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  • Tailstock Test Bar

    A buddy Bud (not a pun) sent me this ebay link (ground test bar with centers) this morning..

    http://www.ebay.com/itm/ws/eBayISAPI...:B:WNA:US:1123

    ...and it made me wonder why the HSM couldn't make his own from drill rod.

    (1) Using a 4 jaw, chuck up the rod and zero it with just an inch or less protruding.
    (2) Face off the end and Single point a counter sink.
    (3) Repeat 1 & 2 on the opposite end.

    Am I missing something?
    Last edited by Chris S.; 10-19-2011, 04:47 PM. Reason: Replace wrong link!

  • #2
    Assuming your talking about a test bar and not a tailstock barrel you posted a link to:

    I had one made at a shop close by out of 1.5" drill rod

    I could not center drill accurately with my tailstock being out of alignment and also needing to be shimmed.

    I paid $30 bucks for the test bar. Had my tailstock shimmed, dialed in .001 over 12" height wise and side to side in about 20 mins.
    https://www.flickr.com/photos/csprecision

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    • #3
      Test Bar

      To answer the question - yes you can make your own as you described. There is no reason why not. Would it be accurate to millionths? Probably not, but plenty good enough for nearly any normal work.

      Comment


      • #4
        Here's a little trick I read about and tried and it actually works.

        Go find an old large printer to tear apart. The old tractor feed models or similar. The print head rides on a nice thick stainless round bar that is rather straight. Use that as your alignment bar. Now I don't remember where I read about that but I did at the time have at least 3 old style printers to play with. I found one at least an inch in diameter and at least 20" long. Turns out the bar truly is rather straight and I keep it tucked away for the day lathe alignment comes into question
        "To invent you need a good imagination and a pile of junk" Thomas Edison

        Better to have tools you don't need than to need tools you don't have

        73's KB3BFR

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        • #5
          Originally posted by Chris S.
          A buddy Bud (not a pun) sent me this ebay link this morning..

          http://cgi.ebay.com/SOUTH-BEND-10K-L...item564521fa5d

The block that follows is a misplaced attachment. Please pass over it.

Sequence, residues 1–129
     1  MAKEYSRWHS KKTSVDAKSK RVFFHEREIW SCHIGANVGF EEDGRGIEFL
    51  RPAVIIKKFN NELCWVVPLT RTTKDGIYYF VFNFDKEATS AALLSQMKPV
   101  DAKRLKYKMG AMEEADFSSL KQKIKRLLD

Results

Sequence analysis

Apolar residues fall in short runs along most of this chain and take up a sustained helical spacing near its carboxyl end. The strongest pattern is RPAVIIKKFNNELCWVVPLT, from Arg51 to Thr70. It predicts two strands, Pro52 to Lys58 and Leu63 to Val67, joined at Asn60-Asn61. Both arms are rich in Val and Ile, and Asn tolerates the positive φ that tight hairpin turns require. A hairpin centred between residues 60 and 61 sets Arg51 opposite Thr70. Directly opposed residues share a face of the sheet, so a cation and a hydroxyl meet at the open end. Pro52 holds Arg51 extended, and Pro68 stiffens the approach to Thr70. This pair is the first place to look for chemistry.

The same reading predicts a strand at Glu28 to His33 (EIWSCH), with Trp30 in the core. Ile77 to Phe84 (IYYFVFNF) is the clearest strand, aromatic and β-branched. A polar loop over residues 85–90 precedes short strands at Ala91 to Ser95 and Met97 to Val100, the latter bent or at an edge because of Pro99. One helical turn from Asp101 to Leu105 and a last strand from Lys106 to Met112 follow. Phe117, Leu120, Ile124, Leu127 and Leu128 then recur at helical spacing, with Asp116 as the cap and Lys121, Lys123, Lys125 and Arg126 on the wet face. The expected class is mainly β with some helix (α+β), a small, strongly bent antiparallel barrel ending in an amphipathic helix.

...and it made me wonder why the HSM couldn't make his own from drill rod.

          (1) Using a 4 jaw, chuck up the rod and zero it with just an inch or less protruding.
          (2) Face off the end and Single point a counter sink.
          (3) Repeat 1 & 2 on the opposite end.

          Am I missing something?
          Did you mean one of these? Lathe Test Bar
          The problem is drill rod is not perfectly round.

          Comment


          • #6
            Sorry guys, I posted the wrong link! I edited that post but here's the link anyway. It's no wonder I was getting such odd replies!

            http://www.ebay.com/itm/ws/eBayISAPI...:B:WNA:US:1123

            As you can see, it's a ground test bar with centers. Scroll down the page when you get there..

            Chris
            Last edited by Chris S.; 10-20-2011, 11:48 PM. Reason: sp

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            • #7
              Originally posted by Highpower
              Did you mean one of these? Lathe Test Bar
              The problem is drill rod is not perfectly round.
              No, I'm aware of this technique and this test bar. It's used for checking bed twist - leveling and way wear. It's not used for TS alignment,.... unless it has centers.

              No, I didn't know that drill rod is not perfectly round. I was under the impression that drill rod was ground to dimension. When you say "not perfectly round", to what degree are you talking about?

              Chris

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              • #8
                Originally posted by Highpower
                Did you mean one of these? Lathe Test Bar
                I should have mentioned that this is a very good price if the shipping doesn't kill ya... and yes, this does have centers.

                Chris

                Comment


                • #9
                  Chris, most drill rod I have seen shows a max T.I.R of .005" for the "standard" tolerance. Drill or reamer blanks usually fair better than that I believe, but then you are limited on length.

                  And the shipping (Royal Mail) on that test bar is quite cheap actually. I think I paid less than $15 when I ordered mine.

                  Comment


                  • #10
                    You really don't need anything precision ground to determine error in the tailstoock quill. There a couple of simple tests:

                    1, Droop. Fully extended the quill. Register and indicator on the end and set a zero iin the vertical plane. Scan the extended length of the quill and note the sweep. Any amount of "droop" is characteristic of taistock wear. The front edge of the tailstock base wears more rapidly than the rear. Return to the extended end and note if the zero repeats.

                    1a. Do the same side to side and note any error conditions. Push the end of the taistock quill both ways. Reading discrepancies more than 0.0005" indicates wear. Bi-stable (the tailstock does not recover from the push) indicates moderate to severe wear on the V way. It's not automaically centering. Mixed in with the reading of excessive clearance of the quill in the quill bore. Conduct tests to separate with wear conditions.

                    2. Determning parallelism error. Machine a stub the same diameter as the tailstock quill and leave it in the chuck. Set up and zero an indicator on it to register in the vertical plane. Extend the tailstock quill. Crank the carriage so the indicator contacts the extended tailstock quill and note the reading. On any but a new lathe this should register some out of parallelism. The amount of error should be recorded on a sketch. Go back to the headstock and register the indicator on the stub without disturbing the setting for a repeat zero. If the zero repeats your out of parallelism reading can be recorded for posterity or used to determine the amount of shim used to raise the tailstock up to alignment with the headstock.